Page:Harvard Law Review Volume 2.djvu/263

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under an obligation to account, is confined to persons who have charge of land belonging to others, and who are accountable for the rents and profits of such land.^ Still, in law, both in England and in this country, every factor or commission-merchant is a bailiff in respect to the goods consigned to him for sale.*

Secondly, the person seeking to impose the obligation (and whom we will call the plaintiff) must be the owner of the property in respect to which the obligation is sought to be imposed. In other words, ownership by tlie plaintiff must concur with possession by the defendant Until these two things co-exist, the obliga- tion to account cannot exist ; and when they cease to co-exist, the obligation to account will cease to exist. If, therefore, the property be received by the defendant under such circumstances that it be- comes his own the moment he receives it, though it belonged to the plaintiff up to that moment, no obligation to account will ever arise. Thus, when the defendant receives money belonging to the plaintiff, but receives it under such circumstances that he has a right to appropriate it to his own use, making himself a debtor to the plaintiff to the same amount, and the defendant exercises such right, the receipt of the money will create a debt, — not an obli- gation to account. So if the plaintiff's title to the property be transferred to the defendant, after the latter has received it and become accountable to the plaintiff for it, the defendant's account- ability for the property will from that moment cease. Thus, if the defendant sell property as the plaintiff's factor, receive the pro- ceeds of the sale and appropriate them to his own use, debiting himself with their amount, his accountability will thereupon cease, provided he had a right to do what he has done ; and he will thenceforth be a debtor only ; /. ^., he will be accountable up to the moment when the property became his, and from that moment he will cease to be accountable and will become a debtor.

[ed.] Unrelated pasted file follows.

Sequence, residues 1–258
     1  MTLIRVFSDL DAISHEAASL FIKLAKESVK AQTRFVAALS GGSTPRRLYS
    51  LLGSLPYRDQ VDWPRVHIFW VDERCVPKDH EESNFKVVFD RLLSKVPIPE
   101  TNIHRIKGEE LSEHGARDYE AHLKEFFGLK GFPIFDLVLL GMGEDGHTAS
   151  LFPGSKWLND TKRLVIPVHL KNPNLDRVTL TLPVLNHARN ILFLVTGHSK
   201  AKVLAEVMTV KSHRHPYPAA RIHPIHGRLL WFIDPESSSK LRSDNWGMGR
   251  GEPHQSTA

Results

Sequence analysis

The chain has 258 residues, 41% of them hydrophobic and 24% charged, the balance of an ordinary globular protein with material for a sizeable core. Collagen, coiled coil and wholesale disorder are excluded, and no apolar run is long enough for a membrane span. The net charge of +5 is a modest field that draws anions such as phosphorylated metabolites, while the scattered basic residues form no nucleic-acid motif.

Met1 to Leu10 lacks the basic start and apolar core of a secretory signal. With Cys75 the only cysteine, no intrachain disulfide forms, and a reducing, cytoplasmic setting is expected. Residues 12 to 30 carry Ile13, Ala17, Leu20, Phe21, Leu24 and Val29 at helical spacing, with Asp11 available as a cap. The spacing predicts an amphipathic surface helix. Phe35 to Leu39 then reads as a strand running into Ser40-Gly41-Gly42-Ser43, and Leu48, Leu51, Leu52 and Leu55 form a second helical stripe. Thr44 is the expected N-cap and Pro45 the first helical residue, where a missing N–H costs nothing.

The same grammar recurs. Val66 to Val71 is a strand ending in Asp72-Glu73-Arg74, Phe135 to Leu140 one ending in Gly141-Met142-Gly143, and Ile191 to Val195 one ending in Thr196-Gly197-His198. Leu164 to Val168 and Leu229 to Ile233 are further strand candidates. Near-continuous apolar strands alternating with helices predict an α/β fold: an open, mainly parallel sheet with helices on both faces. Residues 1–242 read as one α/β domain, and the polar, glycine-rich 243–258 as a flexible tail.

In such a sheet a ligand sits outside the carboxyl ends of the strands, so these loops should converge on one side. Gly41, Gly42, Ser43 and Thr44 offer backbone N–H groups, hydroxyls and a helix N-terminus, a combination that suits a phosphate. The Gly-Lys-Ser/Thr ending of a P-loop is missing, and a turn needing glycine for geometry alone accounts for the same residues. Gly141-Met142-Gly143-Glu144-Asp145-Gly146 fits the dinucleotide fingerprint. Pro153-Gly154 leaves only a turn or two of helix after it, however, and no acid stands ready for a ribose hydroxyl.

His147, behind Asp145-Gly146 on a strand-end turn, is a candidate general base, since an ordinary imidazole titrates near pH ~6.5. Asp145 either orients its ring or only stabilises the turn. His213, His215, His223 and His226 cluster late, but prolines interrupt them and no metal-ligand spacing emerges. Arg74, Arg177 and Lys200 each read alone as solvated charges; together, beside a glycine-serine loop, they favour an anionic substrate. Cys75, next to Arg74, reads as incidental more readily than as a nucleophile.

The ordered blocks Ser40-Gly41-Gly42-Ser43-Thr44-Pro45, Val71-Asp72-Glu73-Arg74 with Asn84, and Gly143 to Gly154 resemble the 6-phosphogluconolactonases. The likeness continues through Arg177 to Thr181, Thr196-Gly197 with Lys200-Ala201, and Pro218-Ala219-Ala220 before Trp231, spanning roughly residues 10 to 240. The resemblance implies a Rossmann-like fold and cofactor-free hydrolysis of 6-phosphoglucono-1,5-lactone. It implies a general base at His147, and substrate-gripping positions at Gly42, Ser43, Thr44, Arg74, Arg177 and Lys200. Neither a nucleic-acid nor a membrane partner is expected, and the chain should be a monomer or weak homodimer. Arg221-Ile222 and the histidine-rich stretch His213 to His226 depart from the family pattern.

Thirdly, the defendant must not receive the property as a mere bailee. If, therefore, the property consist of land or of goods, the defendant must receive it either for the purpose of converting it into money by sale, or for the purpose of employing it in such a way that it may yield a profit or income for the benefit of the owner.

^ And this popular meaning seems to have once been the legal meaning. See i Vin. Abr., Account (X),pl. x; Anon., Keilw. 114, pL 51.

< See Godfrey v. .Saunders, 3 Wilson, 73, where a factor was sued and declared against as a bailiff.